Buried in a report by the Providence Journal on Rhode Island gun control efforts is a remark by a lobbyist for the Rifle & Revolver Association that underscores the sentiment of gun owners nationwide.
“Right now,” said Brenda Jacob with the RIRRA, “gun owners feel like we’re being proven guilty for crimes we don’t have any intention of committing.”
It’s essentially the same thing gun owners have been saying from Maine to California as the gun prohibition lobby and anti-gun-rights politicians call for increased gun control measures, further ratcheting down on rights protected by the Second Amendment.
In Rhode Island, the smallest state in the nation, all five statewide office holders appeared at a press event Tuesday to call for passage of such measures as a ban on so-called “large capacity magazines” and so-called “assault weapons,” to prohibiting concealed carry of firearms on school grounds. The newspaper said Gov. Dan McKee was joined by Attorney General Peter Nerohha, Lt. Gov. Sabina Matos, General Treasurer Seth Magaziner and Secretary of State Nellie Gorbea to support the tougher gun control proposals.
Jacob was reportedly in the crowd of onlookers.
The Journal story recalled a March debate by the state House Judiciary Committee during which a couple of lawmakers pointed to the inherent problems with gun control proposals.
Republican Rep. David Place asked how the legislation would have prevented a tragedy such as Sandy Hook Elementary neighboring Connecticut, only to be told the point of the bills is that “people will have less access to those guns.”
But Democrat Rep. Julie Casimiro was quoted observing, “I am not a gun owner. I don’t want to see guns in schools. I don’t think they belong in schools (but) I don’t see how this bill would stop a school shooting.”
And she added how someone who would commit such a crime “is not worried about breaking a law.”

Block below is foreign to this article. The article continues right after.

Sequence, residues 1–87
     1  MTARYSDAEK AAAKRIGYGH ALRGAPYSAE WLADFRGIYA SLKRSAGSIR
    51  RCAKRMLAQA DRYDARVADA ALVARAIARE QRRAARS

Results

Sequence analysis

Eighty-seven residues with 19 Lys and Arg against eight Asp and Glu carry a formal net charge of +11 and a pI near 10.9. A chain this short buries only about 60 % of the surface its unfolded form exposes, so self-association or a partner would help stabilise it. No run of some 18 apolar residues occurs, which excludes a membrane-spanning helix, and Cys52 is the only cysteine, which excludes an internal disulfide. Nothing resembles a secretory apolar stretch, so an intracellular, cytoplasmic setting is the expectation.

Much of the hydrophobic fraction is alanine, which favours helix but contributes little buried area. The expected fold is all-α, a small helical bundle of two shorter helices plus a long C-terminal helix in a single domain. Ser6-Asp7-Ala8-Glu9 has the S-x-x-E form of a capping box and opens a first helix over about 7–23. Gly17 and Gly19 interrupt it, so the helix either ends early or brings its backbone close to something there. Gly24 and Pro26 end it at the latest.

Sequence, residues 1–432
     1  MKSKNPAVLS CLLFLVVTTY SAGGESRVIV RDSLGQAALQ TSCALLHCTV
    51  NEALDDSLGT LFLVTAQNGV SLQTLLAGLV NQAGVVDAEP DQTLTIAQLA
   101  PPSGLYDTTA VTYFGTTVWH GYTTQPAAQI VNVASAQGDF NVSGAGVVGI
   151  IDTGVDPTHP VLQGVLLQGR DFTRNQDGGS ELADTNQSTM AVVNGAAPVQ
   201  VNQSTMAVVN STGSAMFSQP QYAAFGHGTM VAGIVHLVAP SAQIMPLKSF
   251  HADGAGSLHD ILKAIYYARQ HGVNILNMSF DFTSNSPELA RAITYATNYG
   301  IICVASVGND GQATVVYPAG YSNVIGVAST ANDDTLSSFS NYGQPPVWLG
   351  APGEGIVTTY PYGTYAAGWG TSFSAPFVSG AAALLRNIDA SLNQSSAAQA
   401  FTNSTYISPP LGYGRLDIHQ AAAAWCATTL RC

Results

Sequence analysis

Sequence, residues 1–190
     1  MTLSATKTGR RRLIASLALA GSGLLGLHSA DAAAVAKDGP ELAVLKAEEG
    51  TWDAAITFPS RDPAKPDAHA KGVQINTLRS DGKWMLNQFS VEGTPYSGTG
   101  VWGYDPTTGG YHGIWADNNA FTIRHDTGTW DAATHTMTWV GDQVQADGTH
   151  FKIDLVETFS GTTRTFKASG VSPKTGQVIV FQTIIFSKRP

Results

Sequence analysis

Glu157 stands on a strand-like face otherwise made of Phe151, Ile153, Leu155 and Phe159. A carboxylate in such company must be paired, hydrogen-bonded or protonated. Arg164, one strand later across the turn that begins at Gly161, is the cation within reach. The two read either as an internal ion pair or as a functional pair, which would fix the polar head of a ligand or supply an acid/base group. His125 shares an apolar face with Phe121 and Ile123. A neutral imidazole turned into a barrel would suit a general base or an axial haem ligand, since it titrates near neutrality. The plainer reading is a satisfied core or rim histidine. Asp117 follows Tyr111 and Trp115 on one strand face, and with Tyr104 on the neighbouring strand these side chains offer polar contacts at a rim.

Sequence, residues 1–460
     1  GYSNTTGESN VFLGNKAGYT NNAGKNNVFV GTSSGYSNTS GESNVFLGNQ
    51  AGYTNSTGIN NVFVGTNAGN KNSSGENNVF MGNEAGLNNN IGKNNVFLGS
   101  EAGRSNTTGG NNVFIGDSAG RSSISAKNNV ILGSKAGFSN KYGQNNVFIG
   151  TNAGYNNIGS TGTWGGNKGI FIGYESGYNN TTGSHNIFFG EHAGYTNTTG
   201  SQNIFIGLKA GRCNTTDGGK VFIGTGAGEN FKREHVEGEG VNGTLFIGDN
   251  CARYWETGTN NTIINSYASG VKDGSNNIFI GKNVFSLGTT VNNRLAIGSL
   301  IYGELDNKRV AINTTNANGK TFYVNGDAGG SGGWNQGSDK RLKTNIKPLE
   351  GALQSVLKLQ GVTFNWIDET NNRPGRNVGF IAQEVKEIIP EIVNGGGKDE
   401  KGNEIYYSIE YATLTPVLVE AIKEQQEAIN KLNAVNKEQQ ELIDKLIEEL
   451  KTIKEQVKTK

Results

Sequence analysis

Back in March, gun rights lobbyist Jacob penned an Op-Ed for the Journal in which the opening paragraph illustrated the perennial problem facing gun owners.
“When you hear about guns,” she wrote, “it involves a horrific crime or tragedy. No one is against gun violence more than gun owners. Coping with the sadness we feel for the families living through tragedy, we watch the relentless victimization of victims and families by the anti-gun movement, who use them to further their agenda. Then comes the onslaught of finger pointing and rhetoric, blaming gun owners for a crime they did not commit.”
She further reported that during the past five years, the state saw more than 155,000 firearm purchases, of which an estimated 40 percent were women and 58 percent were African Americans. Jacob said gun owners are valuable to the state thanks to the millions of dollars in gun and ammunition excise taxes that come to the state.
“A National Shooting Sports Foundation study in 2019 found that gun owners in Rhode Island generated $134,871,000 for the local economy,” Jacob wrote.
There is time remaining for this year’s legislative session to move the gun control measures, and the question lawmakers will have to answer is whether these proposals will do what they are supposed to, or only make it appear that something is being done when nothing will really be accomplished.